Parking back on the agenda for Babergh as it seeks to balance books

Options could be discussed with town and parish councils.

‘An increasingly difficult challenge’ – parking is back on the agenda for Babergh District Council, as it seeks to balance the books, support its high streets, and put the brakes on climate change.

Subsidising the councils’ current three-hour free parking in its car parks in villages and towns including Sudbury, Hadleigh and Lavenham, cost the council approximately £425K this year, with the cost set to increase further next year. With the council facing a budget gap of at least £1.5m next year, it says it can no longer afford the subsidy if it is to continue delivering other essential services for its residents and communities.

A paper is now expected to go to Babergh cabinet in January recommending a targeted consultation with affected towns and parishes to develop options for changes to parking tariffs next year.

Babergh leader Cllr David Busby said: “Like all local authorities, we are facing tough financial decisions for the year ahead and find ourselves facing an increasingly difficult challenge.

“We need to balance our books; we need to support our high streets and town centre businesses by encouraging trade; and we need to encourage more sustainable travel in order reduce congestion in our towns, improve air quality and tackle climate change.

“Thankfully, these things are not mutually exclusive.  By introducing a revised tariff that includes short-term charges that are as low as possible compared to other authorities, we can continue to attract visitors to our towns and by working together with our towns and parishes, ensure shoppers and workers have access to the right spaces in the right places – increasing space turnover and offering more sustainable travel options, particularly for those simply ‘popping in’ to the high street.”

The new tariff would remove the burden of subsidising current ‘free’ parking to taxpayers, including non-motorists, as well as helping to balance the budget and generating income ringfenced for reinvestment into parking and sustainable travel options for the district.

“This will allow us to invest in our car parks to create a positive first and last impression of towns and villages for visitors, as well as being in a position to do more to promote and encourage sustainable travel,” Cllr Busby added.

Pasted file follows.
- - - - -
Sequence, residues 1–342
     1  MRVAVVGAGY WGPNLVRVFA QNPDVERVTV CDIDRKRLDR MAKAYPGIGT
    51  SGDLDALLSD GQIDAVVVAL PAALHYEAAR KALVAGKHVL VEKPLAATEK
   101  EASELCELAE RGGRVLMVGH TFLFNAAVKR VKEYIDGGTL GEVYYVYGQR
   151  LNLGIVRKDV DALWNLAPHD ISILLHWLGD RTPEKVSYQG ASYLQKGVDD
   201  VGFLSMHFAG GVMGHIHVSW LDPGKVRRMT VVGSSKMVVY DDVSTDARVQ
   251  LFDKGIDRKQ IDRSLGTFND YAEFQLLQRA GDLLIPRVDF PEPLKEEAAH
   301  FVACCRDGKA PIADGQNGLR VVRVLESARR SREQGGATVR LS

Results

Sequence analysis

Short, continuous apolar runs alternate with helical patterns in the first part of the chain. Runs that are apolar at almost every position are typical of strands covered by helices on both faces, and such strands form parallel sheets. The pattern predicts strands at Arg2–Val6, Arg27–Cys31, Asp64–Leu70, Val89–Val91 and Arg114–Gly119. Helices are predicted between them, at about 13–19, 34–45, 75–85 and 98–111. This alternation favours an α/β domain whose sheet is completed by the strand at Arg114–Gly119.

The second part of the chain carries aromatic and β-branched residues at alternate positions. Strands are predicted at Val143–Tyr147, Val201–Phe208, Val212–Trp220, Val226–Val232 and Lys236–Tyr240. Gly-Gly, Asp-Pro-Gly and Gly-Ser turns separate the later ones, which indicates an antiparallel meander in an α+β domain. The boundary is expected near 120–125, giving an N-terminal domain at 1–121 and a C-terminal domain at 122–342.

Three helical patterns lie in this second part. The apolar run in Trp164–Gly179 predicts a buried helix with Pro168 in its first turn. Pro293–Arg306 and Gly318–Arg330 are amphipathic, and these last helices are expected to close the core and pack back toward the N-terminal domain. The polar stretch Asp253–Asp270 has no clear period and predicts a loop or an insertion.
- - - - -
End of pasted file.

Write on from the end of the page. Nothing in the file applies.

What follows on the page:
The introduction of short-term parking charges was initially agreed in February 2021, with implementation initially delayed until January 2022, and then further postponed following a cabinet reshuffle, before this year’s local election and the inauguration of the new administration.

A new joint parking strategy for both Babergh and Mid Suffolk District Councils has been agreed since, in September 2022, based on feedback from residents, town and parish councils as well as other community groups and partners.  As part of the strategy consultation, some 58% of respondents said they supported, or strongly supported the introduction of flexible parking tariffs, particularly if regularly benchmarked to reflect the economy of the local area.

The charges would only apply to council-run car parks, with existing on-street parking remaining unchanged and blue badge holders still able to park in the council’s car parks for free. Babergh District Council also continues to work with Suffolk County Council, as the highways authority, to prioritise blue badge parking for anyone who is mobility impaired next to main amenities within its town and village centres.

Pending approval of the proposed approach at Babergh cabinet meeting on Tuesday 9 January, officers will meet with town and parish councils to discuss local options early in the New Year, ahead of a further report going back to cabinet in April.  Meanwhile, councillors on the Overview and Scrutiny committee will also consider the proposed approach alongside wider draft budget proposals in the New Year.

A car park machine in Sudbury.